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What’s up with Red Hat? Despite a recession that has bitten pretty
much everyone in the industry with the same ruthless precision, Red Hat
has managed to show six straight quarters of escalating subscription
sales. And last week, the open source company’s second quarter results
beat analyst’s expectations on earnings AND strong revenue growth.

For the details: The open source platform and services pioneer
reported net income for the quarter ending Aug. 31 of $28.9 million, or
15 cents a share, up from $21.1 million, or 10 cents a share, a year
earlier. Profits increased to 16 cents a share from 14 cents a year

But here’s where it really gets interesting. Revenue for the quarter
climbed 12 percent to $183.6 million. That’s right, climbed. Most of
the high tech companies that have managed to dig out favorable if not
stellar quarterly profits this year did so as a result of deep
cost-cutting, not sales. Consider Oracle — profitable but revenue down
5 percent for its recently reported quarterly earnings. IBM – earnings
also up, but revenue down 13 percent for Q2. And Cisco, which also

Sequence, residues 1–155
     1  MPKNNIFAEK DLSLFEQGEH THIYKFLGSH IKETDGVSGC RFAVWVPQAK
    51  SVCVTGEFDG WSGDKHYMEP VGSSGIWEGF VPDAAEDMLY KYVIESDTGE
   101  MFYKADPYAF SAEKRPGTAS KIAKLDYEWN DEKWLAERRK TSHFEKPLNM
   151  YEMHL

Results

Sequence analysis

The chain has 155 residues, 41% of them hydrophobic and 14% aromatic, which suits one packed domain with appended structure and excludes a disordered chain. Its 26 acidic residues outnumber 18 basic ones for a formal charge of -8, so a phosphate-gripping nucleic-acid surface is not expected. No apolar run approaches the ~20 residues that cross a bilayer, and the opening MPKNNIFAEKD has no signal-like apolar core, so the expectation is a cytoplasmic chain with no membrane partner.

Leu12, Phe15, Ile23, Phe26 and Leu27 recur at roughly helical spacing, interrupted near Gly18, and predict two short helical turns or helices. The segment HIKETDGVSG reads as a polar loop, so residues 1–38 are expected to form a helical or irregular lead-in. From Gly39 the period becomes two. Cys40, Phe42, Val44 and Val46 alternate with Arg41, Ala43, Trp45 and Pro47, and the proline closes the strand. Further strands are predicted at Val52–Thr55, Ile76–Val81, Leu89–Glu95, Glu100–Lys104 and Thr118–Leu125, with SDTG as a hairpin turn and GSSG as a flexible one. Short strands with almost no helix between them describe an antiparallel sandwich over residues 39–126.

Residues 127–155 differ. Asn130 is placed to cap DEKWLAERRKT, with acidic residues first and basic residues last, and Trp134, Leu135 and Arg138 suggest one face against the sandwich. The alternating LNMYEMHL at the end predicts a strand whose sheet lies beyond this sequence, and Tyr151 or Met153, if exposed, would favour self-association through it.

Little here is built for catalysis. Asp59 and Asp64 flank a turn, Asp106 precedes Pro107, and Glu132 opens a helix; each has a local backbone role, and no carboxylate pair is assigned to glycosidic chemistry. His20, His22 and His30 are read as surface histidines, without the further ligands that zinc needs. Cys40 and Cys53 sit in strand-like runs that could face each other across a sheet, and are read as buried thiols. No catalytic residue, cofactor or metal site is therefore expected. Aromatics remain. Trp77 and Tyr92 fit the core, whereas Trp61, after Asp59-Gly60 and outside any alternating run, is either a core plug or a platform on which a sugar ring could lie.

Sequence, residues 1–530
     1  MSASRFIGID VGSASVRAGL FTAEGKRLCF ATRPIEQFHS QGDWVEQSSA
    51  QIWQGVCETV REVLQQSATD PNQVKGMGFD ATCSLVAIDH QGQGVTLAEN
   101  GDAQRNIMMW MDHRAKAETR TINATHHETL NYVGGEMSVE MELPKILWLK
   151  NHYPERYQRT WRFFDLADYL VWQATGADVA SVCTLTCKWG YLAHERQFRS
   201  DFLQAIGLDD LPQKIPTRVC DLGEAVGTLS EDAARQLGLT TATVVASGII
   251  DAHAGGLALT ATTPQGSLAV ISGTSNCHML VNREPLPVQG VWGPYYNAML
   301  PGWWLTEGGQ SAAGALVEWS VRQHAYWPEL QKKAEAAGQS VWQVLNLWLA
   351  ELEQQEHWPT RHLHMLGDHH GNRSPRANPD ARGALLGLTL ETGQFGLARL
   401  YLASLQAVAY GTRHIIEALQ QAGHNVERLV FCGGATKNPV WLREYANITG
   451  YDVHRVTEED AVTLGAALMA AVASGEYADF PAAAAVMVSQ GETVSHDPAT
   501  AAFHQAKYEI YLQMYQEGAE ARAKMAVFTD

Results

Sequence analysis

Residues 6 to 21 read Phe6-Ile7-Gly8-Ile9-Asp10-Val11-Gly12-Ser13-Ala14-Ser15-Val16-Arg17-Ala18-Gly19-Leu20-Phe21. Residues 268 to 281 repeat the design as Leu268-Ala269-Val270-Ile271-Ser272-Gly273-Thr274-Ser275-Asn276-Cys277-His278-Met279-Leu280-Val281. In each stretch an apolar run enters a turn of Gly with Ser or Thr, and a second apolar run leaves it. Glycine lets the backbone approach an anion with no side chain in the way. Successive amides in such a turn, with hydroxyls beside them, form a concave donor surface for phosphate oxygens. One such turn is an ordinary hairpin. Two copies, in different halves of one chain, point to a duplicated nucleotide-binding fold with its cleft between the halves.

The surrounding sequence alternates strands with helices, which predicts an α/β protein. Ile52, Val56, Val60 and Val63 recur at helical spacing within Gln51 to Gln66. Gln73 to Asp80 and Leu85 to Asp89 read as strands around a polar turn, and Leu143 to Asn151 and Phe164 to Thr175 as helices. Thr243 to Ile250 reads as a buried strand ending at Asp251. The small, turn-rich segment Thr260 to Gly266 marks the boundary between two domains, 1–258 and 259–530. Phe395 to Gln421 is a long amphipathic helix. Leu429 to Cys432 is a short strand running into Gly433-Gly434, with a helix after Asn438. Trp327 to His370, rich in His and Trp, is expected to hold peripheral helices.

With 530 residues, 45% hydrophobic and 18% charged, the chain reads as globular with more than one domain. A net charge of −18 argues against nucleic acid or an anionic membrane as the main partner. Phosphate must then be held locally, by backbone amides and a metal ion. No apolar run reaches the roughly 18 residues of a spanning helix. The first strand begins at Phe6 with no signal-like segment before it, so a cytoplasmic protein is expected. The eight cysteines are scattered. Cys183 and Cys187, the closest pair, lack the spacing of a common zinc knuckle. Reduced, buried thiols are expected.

increased income on falling revenue to the tune of 18 percent year on
year as reported in early August.

So what’s going on? Is open source garnering more interest in a down
economy? Red Hat’s primary competition in the operating platform space
– along with its attendant services and support offerings — is
Microsoft. This past year the folks in Redmond hit the first
financially rocky shores ever, posting a 17 percent decline in revenue
in the fourth quarter and a 3 percent decrease annually.

Part of Microsoft’s challenge stems from the constant need to feed
the upgrade beast with renewals for flagship Windows and Office. Red
Hat this year has demonstrated a knack for not only renewing existing
customers, but signing them to even larger subscriptions. Of the 25
largest Red Hat customers signed during this most recent quarter ended,
the total value of the renewal subscriptions rang in at 32 percent
higher than the original deals were worth. Customers are adding new
features and additional services and support.

Red Hat is reaching out increasingly to partners as well, announcing
this year the Red Hat Catalyst Program, which essentially validates and
certifies open source solutions that partners develop based on the Red
Hat portfolio. The company is encouraging partner-to-partner
collaboration to generate a collection of certified solutions that can
be marketed through the program.

Prevailing sentiment is that the market for open source solutions in
general, with their lower cost and less restrictive licensing, has
benefited during the recession. The advent of cloud computing could
drive even greater gains for Red Hat and its brethren as IT
infrastructure moves off-premise, out of sight of customers who really
only care if the business function they want to accomplish gets done,
not what operating system might be fueling it.

What do you think? As solution providers, has the recession changed the way your customers are embracing open source and Red Hat in particular?